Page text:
The purpose of CLGE is to represent and to promote the interest of the geodetic surveying profession in the private and public sector in Europe, especially to the Institutions of the European Union. The aim is to enhance the development of the profession both administratively, educationally and scientifically, to facilitate training, continuous professional development and mutual recognition and to promote the activities of geodetic surveyors as a highly qualified profession.
Liaison with the European Commissions
CLGE has nominated a liaison Officer to open and maintain contact with the European Commission. Links have already been established with DG 12, 15 and 22.
The Executive Board consisting of
- The President is chairman of the General Assembly and the Executive Board
- Vice President for professional Education
- The Vice President for professional Education covers issues of academic qualifications, professional qualifications & licensing procedures, professional competence, mutual recognition and Continuous Professional Development
- Vice President for professional Practice
- The Vice President for Professional Practice covers issues of the private surveying sector, public surveying sector, Public Private Relationship, Public-Private Partnership
- Vice President for European Relations
- The Vice President for European Relations focus on participation in EC activities to the profession and promoting the profession in the EU and supporting accession countries over the EU funding for participation and translations, advising on national surveying laws, supporting the development of National Associations
As permanent members:
- The Secretary General is responsible for the administration of CLGE, the management of the secretariat, the maintenance of the archive of documents and the preparation of minutes of meetings
- The Treasurer is responsible for all financial matters of the Organization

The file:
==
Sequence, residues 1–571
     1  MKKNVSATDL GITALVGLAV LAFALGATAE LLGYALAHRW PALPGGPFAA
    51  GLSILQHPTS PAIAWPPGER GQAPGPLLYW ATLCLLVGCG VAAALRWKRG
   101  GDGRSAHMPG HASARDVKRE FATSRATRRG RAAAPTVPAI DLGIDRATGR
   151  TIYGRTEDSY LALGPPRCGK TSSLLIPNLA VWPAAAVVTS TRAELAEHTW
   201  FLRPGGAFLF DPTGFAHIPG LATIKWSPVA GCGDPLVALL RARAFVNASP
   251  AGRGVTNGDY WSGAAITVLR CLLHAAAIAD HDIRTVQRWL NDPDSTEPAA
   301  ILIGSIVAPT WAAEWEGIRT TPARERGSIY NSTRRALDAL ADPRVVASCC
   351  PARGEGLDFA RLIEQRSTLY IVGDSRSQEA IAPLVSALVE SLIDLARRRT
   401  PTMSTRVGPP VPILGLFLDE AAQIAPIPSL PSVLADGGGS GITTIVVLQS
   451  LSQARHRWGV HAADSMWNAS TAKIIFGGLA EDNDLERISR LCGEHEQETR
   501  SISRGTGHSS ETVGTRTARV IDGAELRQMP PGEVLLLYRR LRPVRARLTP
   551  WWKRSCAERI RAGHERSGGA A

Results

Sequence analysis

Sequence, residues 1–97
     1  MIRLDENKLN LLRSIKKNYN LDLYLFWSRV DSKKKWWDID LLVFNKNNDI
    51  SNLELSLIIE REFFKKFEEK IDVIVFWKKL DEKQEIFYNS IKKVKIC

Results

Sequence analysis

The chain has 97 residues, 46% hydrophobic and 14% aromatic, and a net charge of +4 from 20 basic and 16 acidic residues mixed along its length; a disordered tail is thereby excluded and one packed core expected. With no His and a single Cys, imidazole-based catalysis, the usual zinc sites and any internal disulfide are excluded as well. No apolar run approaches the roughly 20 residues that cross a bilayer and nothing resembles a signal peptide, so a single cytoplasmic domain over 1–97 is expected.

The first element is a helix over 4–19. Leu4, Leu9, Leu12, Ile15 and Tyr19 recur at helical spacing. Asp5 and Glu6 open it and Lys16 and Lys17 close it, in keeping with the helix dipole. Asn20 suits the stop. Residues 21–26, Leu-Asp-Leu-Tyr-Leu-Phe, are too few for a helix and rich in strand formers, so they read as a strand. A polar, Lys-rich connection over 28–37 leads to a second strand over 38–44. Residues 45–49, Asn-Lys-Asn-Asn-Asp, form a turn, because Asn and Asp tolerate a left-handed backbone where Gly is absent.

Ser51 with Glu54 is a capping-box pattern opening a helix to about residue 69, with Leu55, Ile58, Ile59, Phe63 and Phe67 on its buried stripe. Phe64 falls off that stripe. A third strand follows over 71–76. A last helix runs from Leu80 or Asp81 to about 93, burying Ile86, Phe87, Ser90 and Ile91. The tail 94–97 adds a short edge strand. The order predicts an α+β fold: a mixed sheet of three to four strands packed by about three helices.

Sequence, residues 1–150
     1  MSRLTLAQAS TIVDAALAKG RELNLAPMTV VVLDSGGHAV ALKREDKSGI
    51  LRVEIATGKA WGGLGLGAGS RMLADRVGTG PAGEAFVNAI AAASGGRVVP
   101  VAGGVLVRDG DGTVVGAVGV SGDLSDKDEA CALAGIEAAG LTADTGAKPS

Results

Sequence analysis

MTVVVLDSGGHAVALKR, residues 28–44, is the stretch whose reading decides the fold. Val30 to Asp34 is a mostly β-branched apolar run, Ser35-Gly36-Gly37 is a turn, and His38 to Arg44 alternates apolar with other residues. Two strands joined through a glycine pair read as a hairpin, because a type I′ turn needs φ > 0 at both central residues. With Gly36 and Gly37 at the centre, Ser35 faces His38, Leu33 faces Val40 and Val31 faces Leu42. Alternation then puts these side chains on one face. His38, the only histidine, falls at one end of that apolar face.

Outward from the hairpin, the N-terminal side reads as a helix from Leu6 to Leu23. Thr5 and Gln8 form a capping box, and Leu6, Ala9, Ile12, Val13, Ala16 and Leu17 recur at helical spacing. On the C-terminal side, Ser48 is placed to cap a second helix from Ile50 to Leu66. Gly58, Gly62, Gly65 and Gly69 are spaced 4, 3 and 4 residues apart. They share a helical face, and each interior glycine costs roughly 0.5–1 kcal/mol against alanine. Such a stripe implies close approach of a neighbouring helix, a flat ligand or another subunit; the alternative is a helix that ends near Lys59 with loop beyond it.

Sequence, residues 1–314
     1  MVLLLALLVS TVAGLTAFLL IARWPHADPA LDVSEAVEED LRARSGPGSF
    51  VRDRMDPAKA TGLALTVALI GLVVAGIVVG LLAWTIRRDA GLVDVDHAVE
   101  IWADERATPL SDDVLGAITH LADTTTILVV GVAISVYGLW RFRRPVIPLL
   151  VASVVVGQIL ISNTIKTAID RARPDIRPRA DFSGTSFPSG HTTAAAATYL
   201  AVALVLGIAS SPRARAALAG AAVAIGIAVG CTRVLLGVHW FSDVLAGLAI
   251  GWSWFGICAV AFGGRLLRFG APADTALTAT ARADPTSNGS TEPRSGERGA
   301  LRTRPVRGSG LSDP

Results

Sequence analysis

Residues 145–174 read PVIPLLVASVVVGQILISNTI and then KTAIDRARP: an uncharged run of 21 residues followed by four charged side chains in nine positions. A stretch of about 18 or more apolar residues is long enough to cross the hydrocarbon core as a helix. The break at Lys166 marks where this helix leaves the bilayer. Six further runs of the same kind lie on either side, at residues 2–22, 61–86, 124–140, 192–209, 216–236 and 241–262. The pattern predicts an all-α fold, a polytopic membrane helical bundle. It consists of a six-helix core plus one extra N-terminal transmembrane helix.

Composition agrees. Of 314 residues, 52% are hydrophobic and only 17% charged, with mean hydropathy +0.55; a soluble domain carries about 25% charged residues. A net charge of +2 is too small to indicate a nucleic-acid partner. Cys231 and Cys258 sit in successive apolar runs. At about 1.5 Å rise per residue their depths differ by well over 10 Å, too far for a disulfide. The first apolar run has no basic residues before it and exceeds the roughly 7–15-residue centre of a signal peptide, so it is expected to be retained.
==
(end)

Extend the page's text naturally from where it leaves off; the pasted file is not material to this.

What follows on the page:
Multilateral Agreement on mutual recognition of professional qualifications of public appointed surveyors
On 24th October 2004 representatives of Surveying Profession from Switzerland, Germany, France, Belgium, Austria, Luxembourg and Denmark signed the following Multilateral Agreement. In 2006 this Agreement was also signed by Slovakia.
The basis of all commercial and financial activity is confidence in the security of the legal system relating to land and property. National constitutions protect ownership of land and property and subject commercial and financial activity to strict procedures of a formal nature. In central European countries, comprehensive and legally binding documentation relating to ownership of land and property is assured traditionally by the technical-legal system of “the land register - real estate cadaster”. The keeping of ownership and mortgage registers as well as real estate cadasters is a matter for the State. Codified procedures for registration and changes to entries therein must be compatible in all three areas in order to assure the necessary security. The presumed correctness of registers is reflected in the Real Estate Cadastre in the presumption of correctness of the cadastre entries in terms of location of the property boundaries and the designation of properties. Furthermore, real estate cadastre contains much more information which is essential for the functioning of the State, for the commercial and scientific utilisation of the surface of the earth, for avoidance of hazards and for nature protection and for safety in planning and civil engineering.
As changes in the registries of State and commercial interests arise in terms of place and time in a random fashion by their very nature, central European States have made use of the instrument of delegation of State functions for the past three hundred years. Specially trained reliable persons such as notary-publics or publicly commissioned geometers have been selected for this function. The multiplicity of public and private laws and legal effects relating to land and property calls for impartiality, reliability and comprehensive technical and legal knowledge on the part of members of the profession.